Growing up, David Zahl noticed “how friendship didn’t seem to be an overwhelming priority for people in their 30s and 40s, men in particular.” Now that he’s approaching middle age, he finds this passage from Tim Kreider’s essay “The Referendum” an apt account of why this might be so:
The Referendum is a phenomenon typical of (but not limited to) midlife, whereby people, increasingly aware of the finiteness of their time in the world, the limitations placed on them by their choices so far, and the narrowing options remaining to them, start judging their peers’ differing choices with reactions ranging from envy to contempt. The Referendum can subtly poison formerly close and uncomplicated relationships, creating tensions between the married and the single, the childless and parents, careerists and the stay-at-home… So we’re all anxiously sizing up how everyone else’s decisions have worked out to reassure ourselves that our own are vindicated — that we are, in some sense, winning…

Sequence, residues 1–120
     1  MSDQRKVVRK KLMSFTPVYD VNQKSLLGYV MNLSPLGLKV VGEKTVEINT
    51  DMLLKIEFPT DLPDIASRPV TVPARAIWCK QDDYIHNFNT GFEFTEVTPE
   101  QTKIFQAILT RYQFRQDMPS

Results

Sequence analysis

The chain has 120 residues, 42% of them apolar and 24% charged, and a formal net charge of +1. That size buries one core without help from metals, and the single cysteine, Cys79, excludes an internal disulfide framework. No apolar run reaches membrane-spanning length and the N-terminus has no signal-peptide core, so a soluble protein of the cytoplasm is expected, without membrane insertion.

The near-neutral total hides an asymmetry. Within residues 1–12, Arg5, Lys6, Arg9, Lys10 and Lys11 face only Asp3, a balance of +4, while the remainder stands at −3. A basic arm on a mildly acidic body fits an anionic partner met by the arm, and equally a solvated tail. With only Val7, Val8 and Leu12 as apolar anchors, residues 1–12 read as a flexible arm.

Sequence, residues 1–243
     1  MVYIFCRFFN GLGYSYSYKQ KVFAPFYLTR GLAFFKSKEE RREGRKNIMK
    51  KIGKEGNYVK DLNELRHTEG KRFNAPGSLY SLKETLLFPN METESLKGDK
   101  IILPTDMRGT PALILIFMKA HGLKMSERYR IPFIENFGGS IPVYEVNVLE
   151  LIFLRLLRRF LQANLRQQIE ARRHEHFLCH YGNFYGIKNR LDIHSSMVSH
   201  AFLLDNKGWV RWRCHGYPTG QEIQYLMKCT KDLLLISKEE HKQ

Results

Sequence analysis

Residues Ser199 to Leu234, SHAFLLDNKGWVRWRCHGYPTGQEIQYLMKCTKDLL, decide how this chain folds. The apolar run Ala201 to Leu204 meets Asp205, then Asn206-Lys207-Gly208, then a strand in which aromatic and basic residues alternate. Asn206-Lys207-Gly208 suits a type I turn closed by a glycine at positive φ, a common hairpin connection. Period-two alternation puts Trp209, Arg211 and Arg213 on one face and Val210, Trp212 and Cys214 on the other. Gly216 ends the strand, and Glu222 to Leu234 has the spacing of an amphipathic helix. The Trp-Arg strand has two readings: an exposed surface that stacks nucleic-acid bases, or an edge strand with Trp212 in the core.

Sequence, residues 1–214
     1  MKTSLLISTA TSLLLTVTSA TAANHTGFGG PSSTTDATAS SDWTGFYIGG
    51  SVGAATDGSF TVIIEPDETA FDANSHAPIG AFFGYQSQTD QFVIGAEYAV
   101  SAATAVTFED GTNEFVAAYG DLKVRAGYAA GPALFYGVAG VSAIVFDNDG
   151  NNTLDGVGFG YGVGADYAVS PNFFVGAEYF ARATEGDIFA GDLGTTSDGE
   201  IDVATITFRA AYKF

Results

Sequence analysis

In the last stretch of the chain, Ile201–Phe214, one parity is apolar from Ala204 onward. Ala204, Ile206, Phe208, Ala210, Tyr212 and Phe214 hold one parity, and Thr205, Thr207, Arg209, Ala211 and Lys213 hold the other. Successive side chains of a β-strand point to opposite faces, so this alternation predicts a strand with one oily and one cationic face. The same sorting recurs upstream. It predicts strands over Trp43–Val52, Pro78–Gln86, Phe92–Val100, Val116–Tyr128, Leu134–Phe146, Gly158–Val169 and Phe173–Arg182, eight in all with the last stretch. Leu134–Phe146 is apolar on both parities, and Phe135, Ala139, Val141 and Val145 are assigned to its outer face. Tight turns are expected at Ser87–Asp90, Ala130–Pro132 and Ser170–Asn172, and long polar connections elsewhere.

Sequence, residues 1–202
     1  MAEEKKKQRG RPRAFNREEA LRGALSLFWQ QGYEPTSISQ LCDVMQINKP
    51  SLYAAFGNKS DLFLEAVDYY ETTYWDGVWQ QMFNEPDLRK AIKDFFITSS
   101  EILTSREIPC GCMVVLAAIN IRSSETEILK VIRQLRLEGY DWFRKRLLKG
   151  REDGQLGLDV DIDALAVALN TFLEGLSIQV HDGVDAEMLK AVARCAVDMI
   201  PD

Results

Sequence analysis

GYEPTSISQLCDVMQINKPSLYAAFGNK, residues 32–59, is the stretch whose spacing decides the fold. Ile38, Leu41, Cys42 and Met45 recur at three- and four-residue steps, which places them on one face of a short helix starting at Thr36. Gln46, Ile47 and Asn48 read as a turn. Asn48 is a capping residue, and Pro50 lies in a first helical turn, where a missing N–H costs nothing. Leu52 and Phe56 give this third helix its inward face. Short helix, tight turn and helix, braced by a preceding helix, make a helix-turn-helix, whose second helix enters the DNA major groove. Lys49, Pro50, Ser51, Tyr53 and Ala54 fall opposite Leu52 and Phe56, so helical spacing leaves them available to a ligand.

Zahl riffs on this insight:
In other words, the real reason certain types of relationships tail off during middle age is because these are the years when we are doing most of our “achieving”, when our capacity for comparison is arguably at its zenith, when the discrepancies are most pronounced. Not surprisingly, the Referendum is exacerbated rather than assuaged by erstwhile closeness.
Meaning, we can and do spend plenty of (happy) time in middle age with peers with whom we don’t share many natural affinities–the difficulty comes with those with whom we once did; the degree to which we identified with someone in college or high school will be the degree to which their current trajectory makes us feel uncomfortable. That goes for the church they attend and theology they espouse just as much as the car they drive. Not exactly rocket science, I know, nor the only reason why people grow apart, but a prevalent factor nonetheless, and perhaps part of what accounts for the U-Bend of Happiness.
Kreider takes things a little further, though, claiming that our once-and-future comrades represent alternate versions of ourselves. The “control group” in the experiment of our life–scary! I can only speak for the ministry-nonprofit side of this equation, but the dynamic is as widespread as it is transparent–which is to say, embarrassingly so. It’s occasionally even used as a bludgeon against those closest to us (i.e. “if you only knew how much money I left on the table when I signed up for this” or conversely “I gave up my dreams to support you!”). I’m sure social media is not helping things, especially when it comes to Marriage and Kids, which Kreider locates as the biggies.